The Raptors had targeted Joseph all along. This summer when it was rumoured that Portland Trail Blazers forward LaMarcus Aldridge was going to jump to the Spurs in free agency the Raptors saw that outcome as the best possible consolation prize if their own pursuit of Aldridge was unsuccessful.
It was believed that signing Aldridge would force San Antonio to relinquish their rights to Joseph to create space under the NBA’s salary cap, and sure enough that’s what happened.
The Spurs and Aldridge reached an agreement on Friday and the Spurs renounced Joseph Sunday afternoon. By Sunday night the deal with Toronto was done.
The signing will largely conclude a significant and costly makeover of a team that was meekly swept from the playoffs by the Washington Wizards in April. The marquee signing was DeMarre Carroll, a hard-nosed defender who played for a 60-win team in Atlanta and who will play small forward for four years in Toronto at the price of $60 million. Joseph will bring the championship ring he won in San Antonio to be the primary backup for Lowry at point guard although he can back up DeMar DeRozan at the two as well. The Raptors also are expected to sign long-armed shot-blocking specialist Bismack Biyombo for $6 million over two years as frontcourt depth.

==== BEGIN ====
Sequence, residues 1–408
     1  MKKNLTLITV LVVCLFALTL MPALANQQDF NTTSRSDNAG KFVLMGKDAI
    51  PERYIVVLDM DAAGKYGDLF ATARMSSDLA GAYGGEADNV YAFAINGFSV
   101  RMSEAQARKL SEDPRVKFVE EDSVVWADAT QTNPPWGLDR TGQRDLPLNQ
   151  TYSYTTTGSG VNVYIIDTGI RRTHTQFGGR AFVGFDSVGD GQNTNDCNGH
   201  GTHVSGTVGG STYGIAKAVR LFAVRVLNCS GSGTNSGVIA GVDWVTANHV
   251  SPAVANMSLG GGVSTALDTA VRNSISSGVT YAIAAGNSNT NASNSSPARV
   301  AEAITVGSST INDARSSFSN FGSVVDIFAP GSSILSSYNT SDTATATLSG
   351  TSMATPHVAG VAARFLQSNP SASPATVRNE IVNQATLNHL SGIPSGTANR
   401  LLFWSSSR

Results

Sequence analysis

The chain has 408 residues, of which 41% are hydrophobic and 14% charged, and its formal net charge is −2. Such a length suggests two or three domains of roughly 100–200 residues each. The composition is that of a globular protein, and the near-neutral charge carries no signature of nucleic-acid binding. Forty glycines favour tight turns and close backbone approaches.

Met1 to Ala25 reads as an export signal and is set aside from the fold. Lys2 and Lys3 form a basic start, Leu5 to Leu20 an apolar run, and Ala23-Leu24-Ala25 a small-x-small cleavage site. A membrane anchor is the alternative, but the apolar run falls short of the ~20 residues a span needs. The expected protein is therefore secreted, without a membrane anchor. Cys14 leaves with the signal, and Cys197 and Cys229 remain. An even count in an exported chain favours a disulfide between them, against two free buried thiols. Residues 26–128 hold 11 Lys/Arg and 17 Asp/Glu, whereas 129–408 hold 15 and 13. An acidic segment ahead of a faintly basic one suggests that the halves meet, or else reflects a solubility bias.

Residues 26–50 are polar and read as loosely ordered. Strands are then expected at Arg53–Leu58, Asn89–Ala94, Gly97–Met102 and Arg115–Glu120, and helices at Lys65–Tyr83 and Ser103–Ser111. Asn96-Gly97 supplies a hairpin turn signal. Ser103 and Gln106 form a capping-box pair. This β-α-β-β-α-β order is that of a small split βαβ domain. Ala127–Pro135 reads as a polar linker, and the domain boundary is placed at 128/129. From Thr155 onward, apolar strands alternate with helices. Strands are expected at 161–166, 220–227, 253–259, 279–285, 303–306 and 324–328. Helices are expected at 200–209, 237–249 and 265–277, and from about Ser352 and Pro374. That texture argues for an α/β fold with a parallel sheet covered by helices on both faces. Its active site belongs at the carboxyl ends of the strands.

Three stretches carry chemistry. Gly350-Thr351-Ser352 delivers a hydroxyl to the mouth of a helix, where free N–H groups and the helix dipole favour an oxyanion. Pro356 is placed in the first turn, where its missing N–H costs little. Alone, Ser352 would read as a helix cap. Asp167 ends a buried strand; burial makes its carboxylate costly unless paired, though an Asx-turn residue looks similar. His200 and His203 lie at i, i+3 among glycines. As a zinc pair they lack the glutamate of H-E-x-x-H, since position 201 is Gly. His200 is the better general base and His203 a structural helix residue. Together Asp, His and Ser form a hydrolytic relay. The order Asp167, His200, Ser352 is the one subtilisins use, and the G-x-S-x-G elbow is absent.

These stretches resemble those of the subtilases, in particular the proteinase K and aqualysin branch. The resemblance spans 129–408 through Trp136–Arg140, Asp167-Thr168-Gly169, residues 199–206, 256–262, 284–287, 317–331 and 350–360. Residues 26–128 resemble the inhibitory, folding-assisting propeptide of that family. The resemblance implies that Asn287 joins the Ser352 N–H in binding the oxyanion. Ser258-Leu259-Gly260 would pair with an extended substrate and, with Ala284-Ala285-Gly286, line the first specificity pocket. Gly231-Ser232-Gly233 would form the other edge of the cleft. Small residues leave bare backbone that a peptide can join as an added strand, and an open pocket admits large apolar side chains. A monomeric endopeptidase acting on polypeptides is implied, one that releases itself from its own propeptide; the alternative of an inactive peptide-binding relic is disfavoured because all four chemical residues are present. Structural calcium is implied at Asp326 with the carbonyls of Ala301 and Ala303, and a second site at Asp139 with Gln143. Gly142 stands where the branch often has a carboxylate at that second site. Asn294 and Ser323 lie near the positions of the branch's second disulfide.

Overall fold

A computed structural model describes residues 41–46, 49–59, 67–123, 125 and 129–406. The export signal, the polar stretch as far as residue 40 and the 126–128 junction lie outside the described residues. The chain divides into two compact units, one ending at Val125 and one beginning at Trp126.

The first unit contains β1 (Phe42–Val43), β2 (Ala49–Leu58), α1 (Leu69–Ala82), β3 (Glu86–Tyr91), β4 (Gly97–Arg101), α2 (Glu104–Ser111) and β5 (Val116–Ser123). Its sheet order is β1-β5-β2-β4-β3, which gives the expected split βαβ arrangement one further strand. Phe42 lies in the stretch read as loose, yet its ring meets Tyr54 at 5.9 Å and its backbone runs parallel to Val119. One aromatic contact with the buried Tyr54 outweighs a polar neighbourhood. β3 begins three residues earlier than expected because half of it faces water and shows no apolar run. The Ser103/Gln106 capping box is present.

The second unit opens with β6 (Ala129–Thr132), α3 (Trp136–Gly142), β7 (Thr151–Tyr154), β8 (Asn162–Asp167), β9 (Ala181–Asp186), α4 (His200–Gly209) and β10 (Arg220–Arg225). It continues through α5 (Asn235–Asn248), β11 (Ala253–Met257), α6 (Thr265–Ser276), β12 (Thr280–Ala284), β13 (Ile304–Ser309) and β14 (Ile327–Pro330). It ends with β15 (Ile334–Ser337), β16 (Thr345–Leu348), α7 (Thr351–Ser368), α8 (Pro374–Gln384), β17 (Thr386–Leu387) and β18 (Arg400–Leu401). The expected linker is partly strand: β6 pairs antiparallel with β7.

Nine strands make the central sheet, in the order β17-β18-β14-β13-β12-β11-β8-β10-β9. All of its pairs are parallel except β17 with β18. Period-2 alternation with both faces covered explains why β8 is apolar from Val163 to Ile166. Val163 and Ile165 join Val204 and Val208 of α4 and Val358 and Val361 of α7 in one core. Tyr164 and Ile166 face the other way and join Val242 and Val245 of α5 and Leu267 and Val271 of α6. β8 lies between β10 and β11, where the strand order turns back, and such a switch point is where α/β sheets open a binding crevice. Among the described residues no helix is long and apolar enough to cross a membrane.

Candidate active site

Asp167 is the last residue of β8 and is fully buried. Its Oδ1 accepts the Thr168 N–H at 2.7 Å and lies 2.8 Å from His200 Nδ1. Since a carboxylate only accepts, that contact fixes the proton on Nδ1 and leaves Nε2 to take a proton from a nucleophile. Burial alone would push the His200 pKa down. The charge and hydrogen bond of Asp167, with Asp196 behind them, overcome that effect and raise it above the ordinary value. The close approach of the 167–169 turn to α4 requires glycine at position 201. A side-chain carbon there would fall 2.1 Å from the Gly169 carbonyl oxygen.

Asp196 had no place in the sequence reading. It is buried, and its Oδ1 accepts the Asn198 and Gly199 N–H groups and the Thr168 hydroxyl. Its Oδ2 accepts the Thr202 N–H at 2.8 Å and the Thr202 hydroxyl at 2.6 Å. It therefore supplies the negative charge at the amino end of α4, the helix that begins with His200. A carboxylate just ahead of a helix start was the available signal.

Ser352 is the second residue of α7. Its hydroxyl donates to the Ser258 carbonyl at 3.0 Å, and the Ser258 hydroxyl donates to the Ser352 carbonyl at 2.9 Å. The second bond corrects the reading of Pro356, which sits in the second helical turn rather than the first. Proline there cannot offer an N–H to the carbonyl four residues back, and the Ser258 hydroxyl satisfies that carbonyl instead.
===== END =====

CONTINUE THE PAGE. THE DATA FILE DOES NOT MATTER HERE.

Gone are Amir Johnson (who signed for $24 million over two years with the Boston Celtics) and Lou Williams, who won the Sixth Man Award with the Raptors and parlayed that into a $21-million deal over three years with the Los Angeles Lakers.
The moves make the Raptors a longer, more tenacious team defensively and gives them quality depth in their backcourt.
It also leaves them with some questions up front — replacing Johnson at power forward will be a challenge given the dearth of quality at the position on the free agent market. Pat Patterson will fill Johnson’s role now with Ujiri likely looking to add more frontcourt quality via the trade market.
But those are concerns for later in the summer. The moment is about one of Canadian basketball’s favourite sons coming home. Basketball fans can allow themselves to dream about a roster stacked with homegrown talent, headlined by the likes of Andrew Wiggins and Tristan Thompson.
That day may be more fanciful than real, but someone had to be first and that someone is Joseph. He left as a boy and felt the pangs of homesickness, settling them by the belief that his sacrifice of time with friends and family would take him somewhere special.
It certainly did. Cory Joseph left as a boy. He comes home as a Toronto Raptor.